Differences in language performance in variations of lateralization
SourceBrain and language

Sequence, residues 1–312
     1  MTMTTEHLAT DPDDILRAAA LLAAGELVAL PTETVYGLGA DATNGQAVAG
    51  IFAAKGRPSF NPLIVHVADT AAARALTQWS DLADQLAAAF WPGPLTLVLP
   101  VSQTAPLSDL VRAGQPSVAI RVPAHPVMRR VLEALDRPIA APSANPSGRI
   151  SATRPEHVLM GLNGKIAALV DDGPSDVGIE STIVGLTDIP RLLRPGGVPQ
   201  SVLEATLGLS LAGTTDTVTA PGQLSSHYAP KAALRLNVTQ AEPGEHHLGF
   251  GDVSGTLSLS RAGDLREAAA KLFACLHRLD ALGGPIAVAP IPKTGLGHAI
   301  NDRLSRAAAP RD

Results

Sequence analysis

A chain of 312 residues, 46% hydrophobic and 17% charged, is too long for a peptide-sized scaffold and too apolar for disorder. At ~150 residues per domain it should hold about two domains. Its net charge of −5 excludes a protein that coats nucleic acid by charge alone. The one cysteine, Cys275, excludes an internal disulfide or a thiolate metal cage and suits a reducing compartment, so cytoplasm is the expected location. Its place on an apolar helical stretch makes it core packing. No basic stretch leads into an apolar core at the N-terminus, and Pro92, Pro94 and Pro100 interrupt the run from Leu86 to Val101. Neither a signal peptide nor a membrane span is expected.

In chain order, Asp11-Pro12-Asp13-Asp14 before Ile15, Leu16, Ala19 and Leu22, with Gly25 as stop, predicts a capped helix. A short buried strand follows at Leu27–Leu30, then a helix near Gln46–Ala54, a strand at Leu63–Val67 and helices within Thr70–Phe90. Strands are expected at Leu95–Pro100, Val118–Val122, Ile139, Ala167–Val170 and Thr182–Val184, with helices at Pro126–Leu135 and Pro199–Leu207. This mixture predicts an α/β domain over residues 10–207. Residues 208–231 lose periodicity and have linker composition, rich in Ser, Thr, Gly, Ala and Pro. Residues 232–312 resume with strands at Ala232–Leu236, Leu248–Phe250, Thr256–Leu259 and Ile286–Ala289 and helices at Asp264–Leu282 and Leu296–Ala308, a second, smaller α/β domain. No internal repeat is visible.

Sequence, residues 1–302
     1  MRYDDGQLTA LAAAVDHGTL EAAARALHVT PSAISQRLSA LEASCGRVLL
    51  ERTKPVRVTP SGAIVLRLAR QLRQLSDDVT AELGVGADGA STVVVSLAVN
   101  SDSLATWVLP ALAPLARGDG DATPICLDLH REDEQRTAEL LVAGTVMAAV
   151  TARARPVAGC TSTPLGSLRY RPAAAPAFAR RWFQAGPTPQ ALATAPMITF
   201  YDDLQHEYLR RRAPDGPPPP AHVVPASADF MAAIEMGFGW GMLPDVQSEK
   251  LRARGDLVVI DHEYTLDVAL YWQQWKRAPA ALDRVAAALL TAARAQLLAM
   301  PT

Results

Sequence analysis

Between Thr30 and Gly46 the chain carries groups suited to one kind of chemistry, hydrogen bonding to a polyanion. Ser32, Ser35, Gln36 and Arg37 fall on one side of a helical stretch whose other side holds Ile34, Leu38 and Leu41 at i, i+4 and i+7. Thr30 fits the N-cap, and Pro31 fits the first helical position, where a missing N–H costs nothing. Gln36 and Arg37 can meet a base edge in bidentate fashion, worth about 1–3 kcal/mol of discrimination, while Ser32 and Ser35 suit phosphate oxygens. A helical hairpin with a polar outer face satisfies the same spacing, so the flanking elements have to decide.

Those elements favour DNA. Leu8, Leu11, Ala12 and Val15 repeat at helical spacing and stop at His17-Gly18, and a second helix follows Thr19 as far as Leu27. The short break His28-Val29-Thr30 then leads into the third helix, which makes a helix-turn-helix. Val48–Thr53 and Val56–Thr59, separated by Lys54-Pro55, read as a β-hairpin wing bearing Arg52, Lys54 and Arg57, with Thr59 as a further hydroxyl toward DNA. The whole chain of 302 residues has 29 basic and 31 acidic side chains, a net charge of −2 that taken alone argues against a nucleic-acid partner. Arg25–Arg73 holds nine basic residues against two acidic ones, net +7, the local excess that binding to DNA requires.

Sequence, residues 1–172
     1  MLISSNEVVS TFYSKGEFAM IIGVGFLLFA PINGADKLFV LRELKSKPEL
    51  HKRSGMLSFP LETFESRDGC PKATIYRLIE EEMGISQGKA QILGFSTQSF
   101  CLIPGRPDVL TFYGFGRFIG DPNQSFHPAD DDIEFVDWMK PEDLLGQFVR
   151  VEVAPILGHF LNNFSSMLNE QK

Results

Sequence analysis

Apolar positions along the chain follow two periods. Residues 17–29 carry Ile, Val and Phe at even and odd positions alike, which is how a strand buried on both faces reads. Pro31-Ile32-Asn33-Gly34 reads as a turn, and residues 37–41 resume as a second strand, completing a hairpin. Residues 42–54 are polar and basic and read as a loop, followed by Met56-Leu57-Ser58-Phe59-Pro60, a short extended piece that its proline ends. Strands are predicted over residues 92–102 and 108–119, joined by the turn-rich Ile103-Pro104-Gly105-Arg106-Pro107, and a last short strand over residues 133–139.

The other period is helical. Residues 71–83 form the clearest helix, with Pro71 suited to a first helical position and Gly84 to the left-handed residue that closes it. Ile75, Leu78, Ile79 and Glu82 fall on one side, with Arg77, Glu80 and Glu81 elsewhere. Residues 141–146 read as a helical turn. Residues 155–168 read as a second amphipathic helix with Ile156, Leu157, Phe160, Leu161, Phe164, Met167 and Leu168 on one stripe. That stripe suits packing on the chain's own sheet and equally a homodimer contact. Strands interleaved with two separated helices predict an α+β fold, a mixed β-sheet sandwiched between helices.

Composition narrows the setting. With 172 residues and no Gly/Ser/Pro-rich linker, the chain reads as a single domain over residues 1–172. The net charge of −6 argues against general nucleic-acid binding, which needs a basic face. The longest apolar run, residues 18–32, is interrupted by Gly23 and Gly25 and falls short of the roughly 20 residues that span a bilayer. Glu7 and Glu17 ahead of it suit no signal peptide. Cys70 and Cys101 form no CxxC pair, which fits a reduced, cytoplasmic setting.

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Language proficiency was studied in 489 primary-school-aged children classified as extreme left-, extreme right-, mild left-, and mild right-handers on the basis of both hand-preference and hand-skill, using a test battery of seven measures. An ANOVA run on factor scores showed neither significant association of language proficiency with variations of lateralization regarding hand-preference and hand-skill nor differences in factor structure derived from a principal component analysis between extreme vs. mild hand-preference and hand-skill groups. Moreover, low language proficiency was not significantly associated with specific patterns of lateralization in hand-preference subgroups. In contrast, low language performers with poor hand-skill were significantly overrepresented both in the extreme left-handed group alone and when combined with the extreme right-handed, in comparison to mild left- and mild right-handed with respect to population. The data are not consistently accommodated by the theory of balanced polymorphism (mainly Annett, 1978, 1985 Annett & Manning, 1989). Alternately, factors such as lag of maturation (Bishop, 1980, 1984, 1990a, 1990b), delay of growth (Geschwind & Galaburda, 1985b), and developmental instability associated with unique patterns of variations in lateralization (Yeo, Gangestad, & Daniel, 1993) are discussed as possible factors accounting for the present results.